Review: Haley Bonar, 'Impossible Dream' For 15 years, the singer's sharp and reflective songwriting has examined a coming-of-age process that doesn't end when we reach adulthood.
NPR logo Review: Haley Bonar, 'Impossible Dream'

Review: Haley Bonar, 'Impossible Dream'

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Haley Bonar, Impossible Dream

The term "coming of age" typically applies to a teenager's passage into adulthood; to the heady stretch of months and years when a child becomes something resembling a fully formed person, with all the growth and responsibility that entails. But there are inherent faults to the premise, starting with the fact that we never really stop coming of age, at least as long as we remain notionally open to our own evolution. We learn from our mistakes, or at least we hope to, and sometimes we backslide as our priorities, dreams and desires shift and settle. We're always becoming new versions of ourselves.

Haley Bonar was only 18 when she released her first album back in 2001 — and 15 years later, her sharp and reflective songwriting dwells (appropriately enough) on her current place in that ceaseless coming-of-age process. The songs on Impossible Dream revolve around the ways we age into our identity, learn to live within our own skin, and try to look back only fleetingly, with as little regret as possible. "I was impossible when I was beautiful," she sings in "Kismet Kill," packing all the ambivalence she can into just seven words.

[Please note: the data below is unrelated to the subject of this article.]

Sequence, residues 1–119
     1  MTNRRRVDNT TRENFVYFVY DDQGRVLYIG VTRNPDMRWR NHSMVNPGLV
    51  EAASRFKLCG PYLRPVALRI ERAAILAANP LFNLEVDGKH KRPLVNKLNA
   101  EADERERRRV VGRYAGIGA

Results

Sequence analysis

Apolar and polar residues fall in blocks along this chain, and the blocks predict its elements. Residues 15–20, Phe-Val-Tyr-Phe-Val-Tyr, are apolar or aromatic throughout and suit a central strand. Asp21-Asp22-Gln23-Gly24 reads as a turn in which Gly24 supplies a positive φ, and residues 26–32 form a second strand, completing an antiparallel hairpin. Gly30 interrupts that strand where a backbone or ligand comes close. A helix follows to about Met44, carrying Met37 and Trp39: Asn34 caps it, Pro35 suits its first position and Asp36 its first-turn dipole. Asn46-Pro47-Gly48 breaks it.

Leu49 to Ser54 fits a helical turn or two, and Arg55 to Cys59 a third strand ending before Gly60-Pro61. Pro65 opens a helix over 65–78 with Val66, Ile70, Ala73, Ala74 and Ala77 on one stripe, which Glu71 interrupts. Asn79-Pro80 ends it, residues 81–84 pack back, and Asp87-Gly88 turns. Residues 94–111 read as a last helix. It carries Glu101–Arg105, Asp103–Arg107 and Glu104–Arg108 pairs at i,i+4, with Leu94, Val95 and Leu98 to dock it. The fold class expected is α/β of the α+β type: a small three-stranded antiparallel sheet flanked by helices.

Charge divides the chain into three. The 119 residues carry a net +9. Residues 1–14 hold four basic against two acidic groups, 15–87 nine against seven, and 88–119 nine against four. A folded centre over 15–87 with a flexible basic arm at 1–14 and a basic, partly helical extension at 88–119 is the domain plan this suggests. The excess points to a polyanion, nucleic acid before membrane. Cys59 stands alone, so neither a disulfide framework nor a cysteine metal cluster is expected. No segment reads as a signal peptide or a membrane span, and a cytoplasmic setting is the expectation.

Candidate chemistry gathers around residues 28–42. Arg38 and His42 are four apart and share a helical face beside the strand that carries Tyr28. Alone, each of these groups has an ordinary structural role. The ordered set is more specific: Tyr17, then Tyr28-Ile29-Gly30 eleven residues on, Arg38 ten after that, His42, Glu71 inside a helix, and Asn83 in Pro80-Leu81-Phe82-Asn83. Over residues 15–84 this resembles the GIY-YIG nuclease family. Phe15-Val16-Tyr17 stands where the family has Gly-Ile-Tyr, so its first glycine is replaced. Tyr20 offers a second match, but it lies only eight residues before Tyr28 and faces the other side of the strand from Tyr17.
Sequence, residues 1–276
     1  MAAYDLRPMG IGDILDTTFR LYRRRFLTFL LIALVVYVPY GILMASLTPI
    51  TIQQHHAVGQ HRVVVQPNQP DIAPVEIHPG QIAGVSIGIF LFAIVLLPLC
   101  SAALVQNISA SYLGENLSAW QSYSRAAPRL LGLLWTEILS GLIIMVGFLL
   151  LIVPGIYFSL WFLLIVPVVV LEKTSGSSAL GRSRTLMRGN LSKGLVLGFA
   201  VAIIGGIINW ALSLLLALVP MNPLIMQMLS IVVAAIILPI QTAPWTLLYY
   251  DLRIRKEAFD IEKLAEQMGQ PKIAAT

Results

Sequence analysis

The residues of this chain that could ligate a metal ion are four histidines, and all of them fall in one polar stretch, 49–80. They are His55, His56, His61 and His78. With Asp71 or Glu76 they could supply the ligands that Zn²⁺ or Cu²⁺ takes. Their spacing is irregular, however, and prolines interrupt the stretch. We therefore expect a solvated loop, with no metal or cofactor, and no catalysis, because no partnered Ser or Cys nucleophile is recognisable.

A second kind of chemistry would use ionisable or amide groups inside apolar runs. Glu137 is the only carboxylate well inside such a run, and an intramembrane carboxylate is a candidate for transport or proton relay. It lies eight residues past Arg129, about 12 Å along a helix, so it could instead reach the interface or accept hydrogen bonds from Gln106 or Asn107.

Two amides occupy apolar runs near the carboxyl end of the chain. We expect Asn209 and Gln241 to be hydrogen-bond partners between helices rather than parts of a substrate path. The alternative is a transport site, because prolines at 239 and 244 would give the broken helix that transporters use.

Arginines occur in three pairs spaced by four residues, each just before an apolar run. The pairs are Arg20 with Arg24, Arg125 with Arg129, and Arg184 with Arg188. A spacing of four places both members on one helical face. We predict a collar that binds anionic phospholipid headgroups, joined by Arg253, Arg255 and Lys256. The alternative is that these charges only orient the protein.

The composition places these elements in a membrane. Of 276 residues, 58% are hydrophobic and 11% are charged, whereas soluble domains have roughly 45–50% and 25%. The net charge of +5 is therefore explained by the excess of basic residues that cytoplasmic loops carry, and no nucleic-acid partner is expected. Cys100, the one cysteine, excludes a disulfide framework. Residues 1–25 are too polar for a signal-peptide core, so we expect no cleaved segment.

Though Impossible Dream is subdued in stretches, its peaks are as spiky as anything Bonar has recorded — try the gritty and galloping "Called You Queen" for an example — as the Minnesotan works through a young lifetime of confusion and doubt. ("I could be so happy if I let myself be happy," she sings in "I Can Change.") But, for an album so focused on the roadblocks we face en route to self-actualization, Impossible Dream's final words reflect the most important sentiment Bonar has learned along the way: "You can be whatever you like."

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Impossible Dream
Haley Bonar
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